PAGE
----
Several other arrangements of these orders have been proposed in the past, and the above tree is only a well-favored proposal.[13] Although it is known that Scandentia is one of the most basal Euarchontoglire clades, the exact phylogenetic position is not yet considered resolved: It may be a sister of Glires, Primatomorpha, or Dermoptera, or separate from and sister to all other Euarchontoglires.[14][15]

Order ScandentiaEdit

The 20 species are placed in five genera, which are divided into two families. The majority are in the "ordinary" treeshrew family, Tupaiidae, but one species, the pen-tailed treeshrew, is different enough to warrant placement in its own family, Ptilocercidae.

Family Tupaiidae

Genus Anathana

Genus Dendrogale

Genus Tupaia

Genus Urogale


Family Ptilocercidae

Genus Ptilocercus

Fossil recordEdit

The fossil record of treeshrews is poor. The oldest putative treeshrew, Eodendrogale parva, is from the Middle Eocene of Henan, China, but the identity of this animal is uncertain. Other fossils have come from the Miocene of Thailand, Pakistan, India, and Yunnan, China, as well as the Pliocene of India. Most belong to the family Tupaiidae, but some still-undescribed fossils from Yunnan are thought to be closer to the pen-tailed treeshrew.[16]

Named fossil species include Prodendrogale yunnanica, Prodendrogale engesseri, and Tupaia storchi from Yunnan, Tupaia miocenica from Thailand, and Palaeotupaia sivalicus from India.[16]

ReferencesEdit

  1. ^ Helgen, K.M. (2005). Wilson, D.E.; Reeder, D.M. (eds.). Mammal Species of the World: A Taxonomic and Geographic Reference (3rd ed.). Johns Hopkins University Press. pp. 104–109. ISBN 978-0-8018-8221-0. OCLC 62265494.
  2. ^   Rines, George Edwin, ed. (1920). "Tree-shrew" . Encyclopedia Americana.
  3. ^ "an article on Tupaia belangeri". The Genome Institute. Washington University. Archived from the original on 1 June 2010.
  4. ^ Cao, J.; Yang, E.B.; Su, J.-J.; Li, Y.; Chow, P. (2003). "The tree shrews: Adjuncts and alternatives to primates as models for biomedical research" (PDF). Journal of Medical Primatology. 32: 123–130. Retrieved January 2012. Check date values in: |accessdate= (help)
  5. ^ Nowak, R.M. (1999). Walker's Mammals of the World. Baltimore, MD: Johns Hopkins University Press. p. 245. ISBN 978-0-8018-5789-8.
  6. ^ Craig, John (1849). A new universal etymological technological, and pronouncing dictionary of the English Language.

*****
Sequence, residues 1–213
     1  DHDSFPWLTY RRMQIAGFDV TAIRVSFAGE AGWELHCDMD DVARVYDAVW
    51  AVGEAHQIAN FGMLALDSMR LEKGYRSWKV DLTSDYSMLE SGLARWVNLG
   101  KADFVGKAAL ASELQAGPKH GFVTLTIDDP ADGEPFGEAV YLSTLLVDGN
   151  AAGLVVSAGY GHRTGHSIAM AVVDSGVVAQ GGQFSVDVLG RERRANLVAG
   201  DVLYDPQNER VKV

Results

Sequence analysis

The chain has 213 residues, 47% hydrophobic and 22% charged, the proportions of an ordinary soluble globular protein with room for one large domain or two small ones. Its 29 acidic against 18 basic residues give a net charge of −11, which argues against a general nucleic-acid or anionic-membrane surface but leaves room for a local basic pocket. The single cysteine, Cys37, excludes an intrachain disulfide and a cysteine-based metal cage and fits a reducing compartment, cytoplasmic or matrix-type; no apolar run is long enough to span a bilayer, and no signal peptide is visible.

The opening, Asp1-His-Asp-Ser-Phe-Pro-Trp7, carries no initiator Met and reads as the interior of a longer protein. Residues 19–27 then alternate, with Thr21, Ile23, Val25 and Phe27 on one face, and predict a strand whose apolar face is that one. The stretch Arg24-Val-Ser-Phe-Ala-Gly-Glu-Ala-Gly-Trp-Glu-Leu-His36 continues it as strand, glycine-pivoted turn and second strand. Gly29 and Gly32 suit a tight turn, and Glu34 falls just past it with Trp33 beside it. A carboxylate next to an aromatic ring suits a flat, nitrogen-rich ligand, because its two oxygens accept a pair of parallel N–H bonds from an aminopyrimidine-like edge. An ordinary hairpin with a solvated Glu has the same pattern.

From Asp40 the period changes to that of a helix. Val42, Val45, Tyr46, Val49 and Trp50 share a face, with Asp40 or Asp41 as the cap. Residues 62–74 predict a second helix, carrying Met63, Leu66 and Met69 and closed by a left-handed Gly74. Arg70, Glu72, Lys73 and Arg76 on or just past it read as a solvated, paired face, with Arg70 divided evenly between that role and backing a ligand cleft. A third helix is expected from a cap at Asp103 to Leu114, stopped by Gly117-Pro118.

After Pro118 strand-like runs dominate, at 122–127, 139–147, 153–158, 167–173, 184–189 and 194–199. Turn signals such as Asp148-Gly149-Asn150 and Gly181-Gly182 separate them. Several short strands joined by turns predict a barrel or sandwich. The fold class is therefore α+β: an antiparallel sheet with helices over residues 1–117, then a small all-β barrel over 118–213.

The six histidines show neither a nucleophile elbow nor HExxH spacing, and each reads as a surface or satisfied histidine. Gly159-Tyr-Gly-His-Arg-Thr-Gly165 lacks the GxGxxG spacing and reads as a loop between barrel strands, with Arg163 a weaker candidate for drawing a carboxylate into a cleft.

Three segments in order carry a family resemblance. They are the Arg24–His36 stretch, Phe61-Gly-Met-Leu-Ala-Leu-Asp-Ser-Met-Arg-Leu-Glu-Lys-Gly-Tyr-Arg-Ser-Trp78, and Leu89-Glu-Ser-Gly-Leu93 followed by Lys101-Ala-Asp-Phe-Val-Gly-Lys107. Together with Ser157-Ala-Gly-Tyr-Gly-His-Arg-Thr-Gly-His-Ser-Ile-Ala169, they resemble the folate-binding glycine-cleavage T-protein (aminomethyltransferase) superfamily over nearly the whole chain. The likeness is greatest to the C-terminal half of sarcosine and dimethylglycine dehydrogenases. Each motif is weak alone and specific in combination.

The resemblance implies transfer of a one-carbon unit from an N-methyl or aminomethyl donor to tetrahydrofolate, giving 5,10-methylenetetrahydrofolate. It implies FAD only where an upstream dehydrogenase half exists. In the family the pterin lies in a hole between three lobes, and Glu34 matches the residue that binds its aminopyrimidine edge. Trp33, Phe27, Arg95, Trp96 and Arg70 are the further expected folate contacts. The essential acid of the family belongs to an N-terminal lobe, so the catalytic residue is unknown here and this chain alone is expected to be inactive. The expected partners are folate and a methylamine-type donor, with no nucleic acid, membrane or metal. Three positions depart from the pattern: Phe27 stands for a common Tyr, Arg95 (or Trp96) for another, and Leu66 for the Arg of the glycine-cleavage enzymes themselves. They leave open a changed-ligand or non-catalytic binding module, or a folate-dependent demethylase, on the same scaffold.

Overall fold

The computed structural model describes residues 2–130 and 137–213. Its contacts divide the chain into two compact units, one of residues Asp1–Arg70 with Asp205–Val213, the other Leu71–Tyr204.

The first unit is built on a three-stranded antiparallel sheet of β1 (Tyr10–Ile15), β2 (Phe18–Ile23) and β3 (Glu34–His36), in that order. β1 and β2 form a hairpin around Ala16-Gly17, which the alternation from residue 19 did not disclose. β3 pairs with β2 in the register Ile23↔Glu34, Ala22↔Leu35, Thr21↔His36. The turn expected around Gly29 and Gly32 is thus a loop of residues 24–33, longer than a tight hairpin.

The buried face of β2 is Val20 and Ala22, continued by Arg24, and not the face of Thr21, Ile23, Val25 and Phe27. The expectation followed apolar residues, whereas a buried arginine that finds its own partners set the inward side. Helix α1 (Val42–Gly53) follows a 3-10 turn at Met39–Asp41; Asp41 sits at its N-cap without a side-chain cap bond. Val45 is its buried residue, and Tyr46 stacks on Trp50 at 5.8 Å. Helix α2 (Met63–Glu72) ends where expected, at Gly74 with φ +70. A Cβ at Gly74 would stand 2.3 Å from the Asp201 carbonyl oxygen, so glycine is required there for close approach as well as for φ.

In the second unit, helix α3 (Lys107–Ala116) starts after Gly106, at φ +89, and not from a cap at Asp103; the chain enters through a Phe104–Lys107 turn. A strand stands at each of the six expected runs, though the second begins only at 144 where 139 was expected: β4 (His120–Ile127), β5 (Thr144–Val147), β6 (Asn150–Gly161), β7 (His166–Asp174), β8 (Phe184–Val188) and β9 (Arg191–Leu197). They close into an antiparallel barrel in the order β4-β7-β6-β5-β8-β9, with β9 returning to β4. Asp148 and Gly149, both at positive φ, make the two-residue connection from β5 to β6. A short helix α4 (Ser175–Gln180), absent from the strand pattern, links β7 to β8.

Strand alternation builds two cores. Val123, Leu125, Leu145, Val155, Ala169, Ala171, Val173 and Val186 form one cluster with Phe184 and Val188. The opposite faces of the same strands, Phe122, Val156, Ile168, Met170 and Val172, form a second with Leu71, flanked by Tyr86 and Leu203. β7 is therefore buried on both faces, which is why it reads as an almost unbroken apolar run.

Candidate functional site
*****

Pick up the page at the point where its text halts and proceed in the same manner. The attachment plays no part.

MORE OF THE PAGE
7. ^ a b Martin, Robert D. (1984). Macdonald, D. (ed.). The Encyclopedia of Mammals. New York, NY: Facts on File. pp. 440–445. ISBN 978-0-87196-871-5.
  8. ^ Moscowicz, Clara (2008). "Tiny tree shrew can drink you under the table".
  9. ^ "See Why Tree Shrews Are Only the Second Known Mammal to Seek Spicy Food". nationalgeographic.com. Retrieved 2018-08-26.
  10. ^ Janecka, Jan E.; Miller, Webb; Pringle, Thomas H.; Wiens, Frank; Zitzmann, Annette; Helgen, Kristofer M.; Springer, Mark S.; Murphy, William J. (2 November 2007). "Molecular and genomic data identify the closest living relatives of the Primates" (PDF). Science. 318 (5851): 792–794. Bibcode:2007Sci...318..792J. doi:10.1126/science.1147555. PMID 17975064.
  11. ^ a b Zhou, Xuming; Sun, Fengming; Xu, Shixia; Yang, Guang; Li, Ming (1 March 2015). "The position of tree shrews in the mammalian tree: Comparing multi-gene analyses with phylogenomic results leaves monophyly of Euarchonta doubtful". Integrative Zoology. 10 (2): 186–198. doi:10.1111/1749-4877.12116. ISSN 1749-4877. PMID 25311886.
  12. ^ Meredith, Robert W.; Janečka, Jan E.; Gatesy, John; Ryder, Oliver A.; Fisher, Colleen A.; Teeling, Emma C.; Goodbla, Alisha; Eizirik, Eduardo; Simão, Taiz L. L. (28 October 2011). "Impacts of the Cretaceous terrestrial revolution and KPg extinction on mammal diversification". Science. 334 (6055): 521–524. Bibcode:2011Sci...334..521M. doi:10.1126/science.1211028. ISSN 0036-8075. PMID 21940861.
  13. ^ Pettigrew, J.D.; Jamieson, B.G.; Robson, S.K.; Hall, L.S.; McAnally, K.I.; Cooper, H.M. (1989). "Phylogenetic relations between microbats, megabats, and primates" (PDF). Philosophical Transactions of the Royal Society B. Mammalia: Chiroptera and Primates. 325 (1229): 489–559. Bibcode:1989RSPTB.325..489P. doi:10.1098/rstb.1989.0102. PMID 2575767.
  14. ^ Foley, Nicole M.; Springer, Mark S.; Teeling, Emma C. (19 July 2016). "Mammal madness: Is the mammal tree of life not yet resolved?". Philosophical Transactions of the Royal Society B. 371 (1699): 20150140. doi:10.1098/rstb.2015.0140. ISSN 0962-8436. PMC 4920340. PMID 27325836.
  15. ^ Kumar, Vikas; Hallström, Björn M.; Janke, Axel (1 April 2013). "Coalescent-based genome analyses resolve the early branches of the Euarchontoglires". PLoS One. 8 (4): e60019. Bibcode:2013PLoSO...860019K. doi:10.1371/journal.pone.0060019. ISSN 1932-6203. PMC 3613385. PMID 23560065.
  16. ^ a b Ni, X.; Qiu, Z. (2012). "Tupaiine tree shrews (Scandentia, Mammalia) from the Yuanmou Lufengpithecus locality of Yunnan, China". Swiss Journal of Palaeontology. 131: 51–60. doi:10.1007/s13358-011-0029-0.